Poland Jewish History

Prior to World War II, Poland was the guiding light of world Jewry for almost 1,000 years: religious studies flourished and major developments in secular Jewish culture took root. Home to 3.5 million Jews prior to World War II, Poland had the largest Jewish community in Europe. Poland is where we come from.

More than 70 percent of American Jews trace their lineage to Poland, and 60 percent of Jews living in Israel come from families with roots in Poland. Poland is central to the construction of Jewish people. Poland is also thought of as the cradle of Ashkenazi heritage, which has shaped present-day North American Jewish communities and Israeli national culture. 

This narrative is often understandably overshadowed by the Holocaust and the void that it left. However, the story of Judaism in Poland did not end with the Holocaust. This is clear when one looks at the Holocaust survivors and their descendants, Poland's post-war Jewish generations, who are claiming their heritage and identity with fearlessness, intelligence, and vision for the Jewish future.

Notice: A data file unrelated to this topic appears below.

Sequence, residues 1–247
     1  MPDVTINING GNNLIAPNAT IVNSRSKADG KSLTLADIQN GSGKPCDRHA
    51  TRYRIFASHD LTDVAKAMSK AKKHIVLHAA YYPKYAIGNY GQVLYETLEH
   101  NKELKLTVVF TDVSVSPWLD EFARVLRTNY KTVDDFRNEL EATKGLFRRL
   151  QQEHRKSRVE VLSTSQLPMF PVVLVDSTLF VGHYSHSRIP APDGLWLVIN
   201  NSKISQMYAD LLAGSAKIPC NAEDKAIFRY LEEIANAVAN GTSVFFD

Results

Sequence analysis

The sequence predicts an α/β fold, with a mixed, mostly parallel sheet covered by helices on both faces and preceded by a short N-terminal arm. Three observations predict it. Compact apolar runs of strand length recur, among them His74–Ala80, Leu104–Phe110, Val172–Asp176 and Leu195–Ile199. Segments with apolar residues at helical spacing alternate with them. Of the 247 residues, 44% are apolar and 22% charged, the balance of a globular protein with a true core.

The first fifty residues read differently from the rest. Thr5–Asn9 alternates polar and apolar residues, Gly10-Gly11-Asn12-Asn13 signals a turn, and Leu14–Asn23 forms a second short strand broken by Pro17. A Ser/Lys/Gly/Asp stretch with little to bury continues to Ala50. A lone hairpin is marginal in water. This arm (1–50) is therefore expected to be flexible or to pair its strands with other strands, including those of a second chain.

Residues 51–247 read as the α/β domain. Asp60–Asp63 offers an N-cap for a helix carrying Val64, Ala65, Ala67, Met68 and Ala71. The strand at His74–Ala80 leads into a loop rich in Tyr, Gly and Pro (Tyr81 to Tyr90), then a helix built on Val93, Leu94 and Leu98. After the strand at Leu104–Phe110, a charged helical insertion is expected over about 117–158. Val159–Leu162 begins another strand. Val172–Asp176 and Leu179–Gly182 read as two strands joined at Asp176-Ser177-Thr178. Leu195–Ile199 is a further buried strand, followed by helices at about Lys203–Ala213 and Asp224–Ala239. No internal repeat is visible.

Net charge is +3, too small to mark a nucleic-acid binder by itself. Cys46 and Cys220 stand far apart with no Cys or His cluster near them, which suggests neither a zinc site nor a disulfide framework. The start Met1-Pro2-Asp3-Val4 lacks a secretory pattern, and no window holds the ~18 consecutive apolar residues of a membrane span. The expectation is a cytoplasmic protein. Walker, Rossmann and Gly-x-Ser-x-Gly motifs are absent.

The renaissance of Jewish communal and cultural life in Poland is a post-Holocaust, post-Communist phenomenon of a leading, emerging democracy in the European Union. This new democracy has allowed the truth about Jewish life in Poland to emerge through education reforms that foster a growing intolerance of anti-Semitism and an inclusion of Jewish participation in civil society. Polish Jewish youth are eager to participate in this democracy, and continue to fight against anti-Semitism in all of its forms.

"The flowering of Judaism has gone hand in hand with the flowering of democracy. Jews have historically suffered where democracy suffers and thrived where democracy thrives. This has been the historical model for hundreds of years. What is happening now in Poland is a replay of conditions that have benefited Jews and Judaism historically. It is exciting to see the interest of non-Jewish Poles in things Jewish. "  By Dr. Arnold Eisen, Chancellor, Jewish Theological Seminary